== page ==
(A Tale from Uganda)
Once upon a time there was a little village in Uganda where twin brothers, Ochen and Opio, lived side by side. Ochen was a potter, Opio a drum maker. They both loved their work, and they loved each other too.
One day as he was walking home from the market, Ochen found some beautiful red clay. He collected it and carried it home and carefully worked at it until it was soft and fine. Then he carefully mixed it with water and shaped it into a cooking pot. He carved designs along the border and on the sides, and when he had finished, he studied it closely. Yes, this would be one of his most beautiful creations. He carried it outside to the courtyard and laid it in the sun to dry.
When the pot was dry, he placed it in his kiln and, making sure to measure the heat — not too hot, not too cool — he baked the pot. When it was finished, he carefully slid it out of the kiln. It was, indeed, one of his finest pots ever. He was very proud.
Meanwhile, Opio was working on a drum. He too had been walking home from the market when he came upon a fine log of oak. He carried it home, where he hollowed it out and shaped it and smoothed it with rough leaves. He purchased a beautiful hide from the farmer down the road, and this he trimmed and placed over the top and over the bottom of the log. He joined the two pieces with long strips of twisted hide, and when he was finished, he stood admiring his drum. It was, truly, the most beautiful he had ever made.
That evening the two brothers planned to meet for supper in Ochen’s house. Opio brought along his drum.
“What a beautiful drum!” Ochen said.
Opio spied the new cooking pot and cried, “That pot is exquisite. You are truly an artist, my brother.”
“Both of our creations are fit for a king,” Ochen said, and Opio agreed.
The cooking pot and the drum overheard the praise the brothers heaped upon them. They were terribly flattered. Indeed, as the men went on, they grew vain, as if they had anything to do with their beauty.
“Did you hear what they said?” the drum whispered to the pot. “They say I’m fit for a king.”
“And so am I,” said the cooking pot, “but you’re not so beautiful as I am.”
That set the two quarreling.
“I’m more beautiful than you,” the drum said, “and more useful too.”
“Useful? What use is a drum?” the pot said. “No one needs a drum, but everyone who wants to cook needs a pot!”
On and on they argued, and before long, the table, the lamp and the rug joined in. But no could agree which was more beautiful.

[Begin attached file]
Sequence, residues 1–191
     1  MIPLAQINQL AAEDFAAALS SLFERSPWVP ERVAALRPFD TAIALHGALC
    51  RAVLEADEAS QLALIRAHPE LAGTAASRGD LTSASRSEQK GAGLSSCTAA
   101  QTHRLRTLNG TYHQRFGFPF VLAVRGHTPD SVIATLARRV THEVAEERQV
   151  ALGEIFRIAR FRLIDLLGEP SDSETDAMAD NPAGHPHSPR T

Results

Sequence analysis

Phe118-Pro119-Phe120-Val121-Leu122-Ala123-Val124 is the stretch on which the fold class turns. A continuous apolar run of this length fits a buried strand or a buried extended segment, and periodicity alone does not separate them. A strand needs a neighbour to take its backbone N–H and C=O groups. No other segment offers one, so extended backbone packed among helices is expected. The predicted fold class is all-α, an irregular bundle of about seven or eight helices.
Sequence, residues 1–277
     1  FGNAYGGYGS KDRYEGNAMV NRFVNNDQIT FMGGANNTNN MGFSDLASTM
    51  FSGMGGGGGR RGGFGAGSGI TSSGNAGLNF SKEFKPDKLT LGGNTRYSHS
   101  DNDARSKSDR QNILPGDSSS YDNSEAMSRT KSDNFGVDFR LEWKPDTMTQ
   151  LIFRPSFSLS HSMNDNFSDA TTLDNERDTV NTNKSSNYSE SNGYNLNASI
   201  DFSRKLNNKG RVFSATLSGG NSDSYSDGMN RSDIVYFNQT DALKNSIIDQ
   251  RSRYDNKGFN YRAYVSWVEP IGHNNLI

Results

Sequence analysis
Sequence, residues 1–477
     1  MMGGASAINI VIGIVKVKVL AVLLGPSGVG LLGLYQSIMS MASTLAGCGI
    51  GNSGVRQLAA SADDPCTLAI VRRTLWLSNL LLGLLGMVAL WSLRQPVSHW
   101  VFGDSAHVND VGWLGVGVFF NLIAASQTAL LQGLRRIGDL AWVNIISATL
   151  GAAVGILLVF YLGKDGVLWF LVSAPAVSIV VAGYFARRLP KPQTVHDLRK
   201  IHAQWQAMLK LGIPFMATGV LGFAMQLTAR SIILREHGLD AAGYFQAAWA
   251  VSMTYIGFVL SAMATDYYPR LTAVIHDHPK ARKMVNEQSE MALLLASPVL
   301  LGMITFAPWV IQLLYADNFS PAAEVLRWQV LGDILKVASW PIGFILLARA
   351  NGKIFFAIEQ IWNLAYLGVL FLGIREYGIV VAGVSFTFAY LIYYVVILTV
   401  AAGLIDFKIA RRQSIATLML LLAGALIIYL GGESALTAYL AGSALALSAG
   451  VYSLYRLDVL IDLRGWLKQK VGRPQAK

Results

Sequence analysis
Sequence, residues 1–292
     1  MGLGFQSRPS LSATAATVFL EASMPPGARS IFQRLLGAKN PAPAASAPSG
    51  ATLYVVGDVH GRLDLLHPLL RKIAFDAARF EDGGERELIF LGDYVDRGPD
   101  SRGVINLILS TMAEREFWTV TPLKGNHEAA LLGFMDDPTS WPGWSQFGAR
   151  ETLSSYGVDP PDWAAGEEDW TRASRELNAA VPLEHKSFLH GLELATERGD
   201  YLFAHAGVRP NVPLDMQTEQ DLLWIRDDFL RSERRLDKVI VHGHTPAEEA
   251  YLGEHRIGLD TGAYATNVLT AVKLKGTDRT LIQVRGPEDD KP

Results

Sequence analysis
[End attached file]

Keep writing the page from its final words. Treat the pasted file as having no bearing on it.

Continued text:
Meanwhile, Ochen and Opio did not realize the pot and the drum were arguing, of course; they didn’t understand their language.
As the argument between the pot and the drum went on, a friend of the brothers stopped by. He brought along his monkey. When the two walked inside, the monkey, who understood the pot and drum’s language, overheard their argument. Ochen and Opio and their friend decided to take a walk, but the monkey stayed behind. He pretended to be tired.
“Now what is this argument all about?” the monkey asked.
“We’re trying to decide who is more beautiful, the pot or the drum,” the table explained.
“I’ll be the judge,” said the monkey. “I’m a good judge. And will you abide by my judgment?”
“I will,” said the drum, twirling to show off his beautiful shape.
“Me too,” said the pot, and he twirled too.
“Whatever you decide will be law,” the table, the lamp and the rug agreed.
The monkey nodded. “Very well, we must make a fire in the hearth and put the drum on the fire. Then I shall beat the cooking pot with drumsticks, and then we all will know which is most beautiful.”
The pot and the drum agreed to this plan, and the hearth joined in, hurrying to build a fire. When the fire was hot, the drum leaped onto the fire, and the monkey began to beat the pot with the drumsticks.
In a short time the drum shriveled to ash, and the pot broke into pieces.
The monkey began to dance with joy. “Only a fool would agree to such a foolish plan,” he said, and the hearth, the table, the rug and the lamp grew quiet. They did not wish to appear to be fools.
When Ochen and Opio returned to the house and saw their drum and pot were ruined, they grew furious with the monkey.
“This is his fault!” they said to their friend. They lifted the drumsticks to hit the monkey, but the monkey raced out the window and up into the hills, and no one ever saw him again.
The three men sat down by the fire and shook their heads. “What have we learned?” Ochen asked.
“There must be a moral,” Opio added.
“Surely there is,” their friend said.
And there they sat all night, trying to decide what they had learned.
Do you know?